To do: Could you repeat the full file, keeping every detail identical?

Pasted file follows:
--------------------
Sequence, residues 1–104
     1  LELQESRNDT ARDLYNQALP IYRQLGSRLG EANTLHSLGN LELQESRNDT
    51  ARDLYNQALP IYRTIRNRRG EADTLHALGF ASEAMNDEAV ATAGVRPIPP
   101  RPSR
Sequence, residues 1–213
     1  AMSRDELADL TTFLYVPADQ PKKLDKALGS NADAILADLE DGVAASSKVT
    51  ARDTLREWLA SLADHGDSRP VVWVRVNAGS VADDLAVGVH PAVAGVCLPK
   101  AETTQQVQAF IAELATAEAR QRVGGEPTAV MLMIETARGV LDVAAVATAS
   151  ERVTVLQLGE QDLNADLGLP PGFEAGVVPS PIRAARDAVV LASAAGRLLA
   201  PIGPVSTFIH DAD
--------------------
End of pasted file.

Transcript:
Sequence, residues 1–104
     1  LELQESRNDT ARDLYNQALP IYRQLGSRLG EANTLHSLGN LELQESRNDT
    51  ARDLYNQALP IYRTIRNRRG EADTLHALGF ASEAMNDEAV ATAGVRPIPP
   101  RPSR
Sequence, residues 1–213
     1  AMSRDELADL TTFLYVPADQ PKKLDKALGS NADAILADLE DGVAASSKVT
    51  ARDTLREWLA SLADHGDSRP VVWVRVNAGS VADDLAVGVH PAVAGVCLPK
   101  AETTQQVQAF IAELATAEAR QRVGGEPTAV MLMIETARGV LDVAAVATAS
   151  ERVTVLQLGE QDLNADLGLP PGFEAGVVPS PIRAARDAVV LASAAGRLLA
   201  PIGPVSTFIH DAD